One of three ways to alter the attitude of something such as an aircraft or organism that can move in three dimensions. Yawing involves rotating the thing about its axis that runs from top to bottom for lack of better terminology. You can also roll and pitch a thing. In aircraft, yawing is accomplished by moving the rudder(s) in the vertical stabilizer(s) by means of the rudder pedals.

Yaw (?), v. i. [imp. & p. p. Yawed (?); p. pr. & vb. n. Yawing.] [Cf. Yew, v. i.]

To rise in blisters, breaking in white froth, as cane juice in the clarifiers in sugar works.

 

© Webster 1913.


Yaw, v. i. & t. [Cf. Prov. G. gagen to rock, gageln to totter, shake, Norw. gaga to bend backward, Icel. gagr bent back, gaga to throw the neck back.] Naut.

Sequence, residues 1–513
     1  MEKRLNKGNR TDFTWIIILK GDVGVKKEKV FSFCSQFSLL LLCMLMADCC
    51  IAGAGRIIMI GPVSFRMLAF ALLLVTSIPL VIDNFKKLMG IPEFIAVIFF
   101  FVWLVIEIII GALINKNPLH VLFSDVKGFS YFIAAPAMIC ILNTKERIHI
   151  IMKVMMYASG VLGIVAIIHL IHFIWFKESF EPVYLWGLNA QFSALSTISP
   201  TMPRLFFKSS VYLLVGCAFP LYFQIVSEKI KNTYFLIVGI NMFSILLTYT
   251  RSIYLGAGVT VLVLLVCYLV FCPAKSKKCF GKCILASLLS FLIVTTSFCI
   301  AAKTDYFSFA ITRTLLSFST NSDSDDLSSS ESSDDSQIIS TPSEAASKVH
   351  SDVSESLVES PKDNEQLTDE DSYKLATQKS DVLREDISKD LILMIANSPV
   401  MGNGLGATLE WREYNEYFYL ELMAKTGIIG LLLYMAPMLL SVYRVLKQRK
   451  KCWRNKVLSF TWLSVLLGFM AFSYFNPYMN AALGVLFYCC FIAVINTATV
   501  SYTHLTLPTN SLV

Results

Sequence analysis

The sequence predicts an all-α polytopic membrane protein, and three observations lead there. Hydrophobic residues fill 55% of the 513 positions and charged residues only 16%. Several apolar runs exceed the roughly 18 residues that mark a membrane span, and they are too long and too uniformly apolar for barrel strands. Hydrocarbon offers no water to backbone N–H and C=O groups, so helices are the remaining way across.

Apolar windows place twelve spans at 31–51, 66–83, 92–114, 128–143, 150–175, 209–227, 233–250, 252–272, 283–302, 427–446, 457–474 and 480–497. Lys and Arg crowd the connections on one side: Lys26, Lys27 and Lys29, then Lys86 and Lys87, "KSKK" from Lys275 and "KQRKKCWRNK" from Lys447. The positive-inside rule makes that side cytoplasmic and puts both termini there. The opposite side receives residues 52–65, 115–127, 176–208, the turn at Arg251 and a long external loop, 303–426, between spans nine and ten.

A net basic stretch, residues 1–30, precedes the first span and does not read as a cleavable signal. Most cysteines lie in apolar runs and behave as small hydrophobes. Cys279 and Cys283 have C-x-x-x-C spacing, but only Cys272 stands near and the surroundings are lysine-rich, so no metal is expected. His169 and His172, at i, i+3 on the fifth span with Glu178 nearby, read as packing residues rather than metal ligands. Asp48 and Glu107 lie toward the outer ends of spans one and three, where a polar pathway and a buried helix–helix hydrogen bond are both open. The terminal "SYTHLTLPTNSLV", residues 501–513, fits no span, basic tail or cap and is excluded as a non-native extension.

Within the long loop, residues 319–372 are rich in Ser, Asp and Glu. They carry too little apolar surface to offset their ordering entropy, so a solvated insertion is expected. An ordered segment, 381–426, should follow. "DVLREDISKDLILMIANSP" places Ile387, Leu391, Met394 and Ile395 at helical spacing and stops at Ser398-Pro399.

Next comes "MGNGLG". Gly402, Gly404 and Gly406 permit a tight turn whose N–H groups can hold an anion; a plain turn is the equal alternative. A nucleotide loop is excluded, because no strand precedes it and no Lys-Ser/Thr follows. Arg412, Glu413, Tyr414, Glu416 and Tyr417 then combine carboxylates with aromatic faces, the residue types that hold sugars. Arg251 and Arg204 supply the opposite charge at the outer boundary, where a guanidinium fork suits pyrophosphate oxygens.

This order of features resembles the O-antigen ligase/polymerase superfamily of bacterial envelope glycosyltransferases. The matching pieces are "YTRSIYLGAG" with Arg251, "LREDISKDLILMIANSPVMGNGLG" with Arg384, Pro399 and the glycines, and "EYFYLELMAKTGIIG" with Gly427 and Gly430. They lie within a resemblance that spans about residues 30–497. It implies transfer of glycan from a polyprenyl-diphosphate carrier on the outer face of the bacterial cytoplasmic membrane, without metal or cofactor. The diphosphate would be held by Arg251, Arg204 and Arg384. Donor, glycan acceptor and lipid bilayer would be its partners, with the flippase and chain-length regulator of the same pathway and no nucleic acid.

To steer wild, or out of the line of her course; to deviate from her course, as when struck by a heavy sea; -- said of a ship.

Just as he would lay the ship's course, all yawing being out of the question. Lowell.

 

© Webster 1913.


Yaw, n. Naut.

A movement of a vessel by which she temporarily alters her course; a deviation from a straight course in steering.

 

© Webster 1913.

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